Zarbang’s show last Friday night was uplifting, masterful, entertaining, fun, and appealing to both young and old, Iranians and non-Iranians, musicians and ordinary folks.
Now that you know how I feel about Zarbang’s music, let me give you some background. Zarbang is the concatenation of two words: “zarb” (rhymes with “band”) meaning “to strike” or “rhythm,” and “bang” (rhymes with “song”) meaning “song” or “call.” The group was formed in 1996 in Germany by formidable Iranian percussionist Morteza Ayan, together with younger players Behnam Samani and Siavash Yazdanifar. Today, with a lineup of great new players from Iran and elsewhere, and more than ten years of worldwide touring experience, Zarbang has gone beyond being just an Iranian percussion ensemble to become a powerful new voice in world music.
Their San Diego show I attended was at the acoustically perfect Neurosciences Institute, where we’ve witnessed many great concerts in recent years. The two-part program was perfect: neither too short nor too long, showing off all instrumental combinations. Pejman Hadadi announced the program in Persian and English and the concert began.
The first half started with a tombak (goblet-shaped drum) quartet demonstrating the mastery and creativity of the players. For the second number, Javid Afsari joined the ensemble to play “Roya,” his composition in Mahur (one of the main tonal systems — or dastgah — of Persian music) on santur (hammered dulcimer). Opening with a soothing daramad (non-metric solo improvisation), the piece soon gave way to a lively dialogue between melody and rhythm. Next, Mehrdad Arabi switched from tombak to kamancheh (spiked fiddle) and Behnam Samani from tombak to dammam (a two-headed folk drum from southern Iran), and the group played a folk tune named “Leyla” from Baluchestan. Finally, another composition by Mr. Afsari entitled “Call to Love” (also the title of Zarbang’s latest CD) in dastgah Chahargah closed the set.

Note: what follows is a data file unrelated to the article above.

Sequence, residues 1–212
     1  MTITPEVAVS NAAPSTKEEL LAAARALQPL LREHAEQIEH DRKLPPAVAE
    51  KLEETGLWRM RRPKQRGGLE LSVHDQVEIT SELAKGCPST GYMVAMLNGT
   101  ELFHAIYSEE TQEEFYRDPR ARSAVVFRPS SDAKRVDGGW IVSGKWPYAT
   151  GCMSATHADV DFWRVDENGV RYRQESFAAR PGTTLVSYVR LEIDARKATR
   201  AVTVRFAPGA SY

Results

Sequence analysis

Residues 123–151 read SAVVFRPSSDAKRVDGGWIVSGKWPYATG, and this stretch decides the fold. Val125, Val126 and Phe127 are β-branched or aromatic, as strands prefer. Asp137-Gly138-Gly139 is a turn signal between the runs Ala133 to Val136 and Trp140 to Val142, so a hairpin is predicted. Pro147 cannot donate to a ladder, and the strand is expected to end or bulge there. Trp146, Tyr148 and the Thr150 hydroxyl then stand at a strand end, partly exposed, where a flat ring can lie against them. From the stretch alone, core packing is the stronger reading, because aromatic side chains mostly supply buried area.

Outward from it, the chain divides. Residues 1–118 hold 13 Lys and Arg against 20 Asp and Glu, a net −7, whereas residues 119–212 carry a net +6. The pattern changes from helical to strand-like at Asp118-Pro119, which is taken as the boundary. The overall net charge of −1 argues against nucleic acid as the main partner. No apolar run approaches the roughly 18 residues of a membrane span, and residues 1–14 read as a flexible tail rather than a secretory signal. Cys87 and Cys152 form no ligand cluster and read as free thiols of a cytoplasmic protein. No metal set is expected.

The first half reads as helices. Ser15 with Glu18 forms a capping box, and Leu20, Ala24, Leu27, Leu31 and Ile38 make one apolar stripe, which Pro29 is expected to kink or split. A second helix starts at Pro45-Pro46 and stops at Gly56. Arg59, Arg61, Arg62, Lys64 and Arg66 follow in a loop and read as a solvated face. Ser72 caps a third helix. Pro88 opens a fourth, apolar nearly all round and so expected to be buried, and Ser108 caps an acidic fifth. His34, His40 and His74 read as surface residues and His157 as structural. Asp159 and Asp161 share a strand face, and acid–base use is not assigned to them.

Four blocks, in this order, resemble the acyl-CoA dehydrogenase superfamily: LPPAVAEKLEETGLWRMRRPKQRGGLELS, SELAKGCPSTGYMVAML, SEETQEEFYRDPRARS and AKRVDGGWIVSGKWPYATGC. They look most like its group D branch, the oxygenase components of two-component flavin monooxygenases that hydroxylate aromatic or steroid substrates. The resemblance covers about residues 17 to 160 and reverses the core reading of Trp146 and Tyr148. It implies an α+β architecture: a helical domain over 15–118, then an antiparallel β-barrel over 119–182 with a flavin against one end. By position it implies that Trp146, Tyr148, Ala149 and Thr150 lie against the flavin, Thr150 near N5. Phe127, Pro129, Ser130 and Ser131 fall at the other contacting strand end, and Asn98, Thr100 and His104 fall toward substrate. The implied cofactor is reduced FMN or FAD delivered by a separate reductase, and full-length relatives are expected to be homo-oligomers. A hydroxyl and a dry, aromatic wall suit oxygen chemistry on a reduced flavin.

It would be hard to top the first half, but that’s exactly what Zarbang did in the second half. “Morshed” is a title given to a master musician in the ancient zoor-khaneh (“house of strength” or gymnasium) tradition. The role of the morshed in the zoor-khaneh is to motivate the athletes and lead their movements. To this end, he plays a large goblet-shaped drum — called zarb-e zoor-khaneh — and a bell, but also sings appropriate poetry in a style very unique and intense. Pejman Hadadi explained that in the second set Zarbang would combine two different rhythmic traditions: that of the zoor-khaneh with that of the khaneh-ghah (the Sufi tradition, where the daf
Morshed Mehregan is a leading Iranian musician in the zoor-khaneh tradition. He opened the second set with strikes to the bell and drumming before singing traditional welcoming lines from Ferdowsi, the great tenth-century epic poet. He then sang a poem entitled “Iran” by twentieth-century poet Bahar, moving on to a popular Sufi song, “Har Kasi,” which featured the whole ensemble chanting the chorus. Javid Afsari traded his santur for another hammered instrument, the naghareh (two small drums), and so the only melodic instruments used in the second half were voices. The last two pieces, “Paaykoobaan” and “Abode of the Heart” raised the excitement level to such a degree that I have never heard so intense calls for an encore. The multi-talented Reza Samani switched from daf to sorna (traditional folk double-reed wind instrument) for this, and with their last number, Zarbang brought the house down.
Outside the hall, where the artists came to sign autographs and take pictures, everyone was high from the music. The variety and quality of the music and the coordination among the musicians made for a unique experience. I admit I had come expecting a percussion concert, but I left totally fulfilled musically.
Morteza Ayan would be proud.
Thanks to the Persian Cultural Center for presenting this wonderful concert and to Chekhabar.com, the Association of Iranian-American Professionals, and the Center for World Music for supporting it. My only suggestion in the future would be to lower the student price from $25 to $10 to attract a younger audience and also to fill the roughly 50 empty seats in the hall.
May 26, 2008
See samples here: http://www.youtube.com/view_play_list?p=041B3ECAC872AA0A